Access to Healthcare Secured for Three-Year-Old
San Juana Gonzalez, a permanent resident of the U.S., returned to Cleveland after a year-long visit to relatives in Mexico. Her five children, all U.S. citizens, were due for vaccinations. Since their coverage had lapsed during their time abroad, Ms. Gonzalez reapplied. The youngest, three-year old Hursula, had no birth certificate on record and due to this, the caseworker said that all the children would be denied.
Ms. Gonzalez and her husband, a U.S. citizen and a cook at a Westlake restaurant, went to Cleveland City Hall to request a birth certificate for their youngest daughter, but the city also had no record of Hursula’s 2006 birth at MetroHealth Hospital. The little girl remained without both healthcare and the document essential for her enrollment in school, procurement of a passport or a driver’s license, and even, one day, a marriage license.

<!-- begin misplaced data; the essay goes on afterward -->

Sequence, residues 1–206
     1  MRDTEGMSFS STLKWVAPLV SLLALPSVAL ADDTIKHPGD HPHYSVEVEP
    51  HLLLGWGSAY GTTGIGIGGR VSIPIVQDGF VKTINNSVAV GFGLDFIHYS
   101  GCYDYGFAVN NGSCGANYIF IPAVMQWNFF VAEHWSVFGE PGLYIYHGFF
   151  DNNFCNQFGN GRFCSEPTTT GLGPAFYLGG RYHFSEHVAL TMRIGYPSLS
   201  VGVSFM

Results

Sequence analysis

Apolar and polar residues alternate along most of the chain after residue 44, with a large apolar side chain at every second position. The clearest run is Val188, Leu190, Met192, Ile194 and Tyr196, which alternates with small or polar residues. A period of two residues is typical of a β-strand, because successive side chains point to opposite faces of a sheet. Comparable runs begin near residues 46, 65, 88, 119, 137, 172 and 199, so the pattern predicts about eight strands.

The case was referred to Legal Aid attorney Megan Sprecher via the MetroHealth System social services department. Ms. Sprecher began a series of attempts to secure Hursula’s birth certificate and eventually requested a state hearing. Ms. Sprecher was able to prove eligibility: Hursula was a citizen with a hospital-issued proof of birth letter, and her parents and attorney had made multiple good-faith efforts to secure a birth certificate. Hursula’s benefits, including retroactive coverage to the date of her birth, were reinstated.
Healthcare was especially important to the Gonzalez family this past spring, when all the children were sick with what Ms. Gonzalez feared was the H1N1 influenza virus (commonly known as “swine flu”). She was able to take them to a doctor who reassured her that the symptoms were from other ailments.
A few days later, Ms. Gonzalez watched her healthy children jump on and off the couch and, speaking through an interpreter, said, “I couldn’t have done this without help. Things are looking a lot brighter.”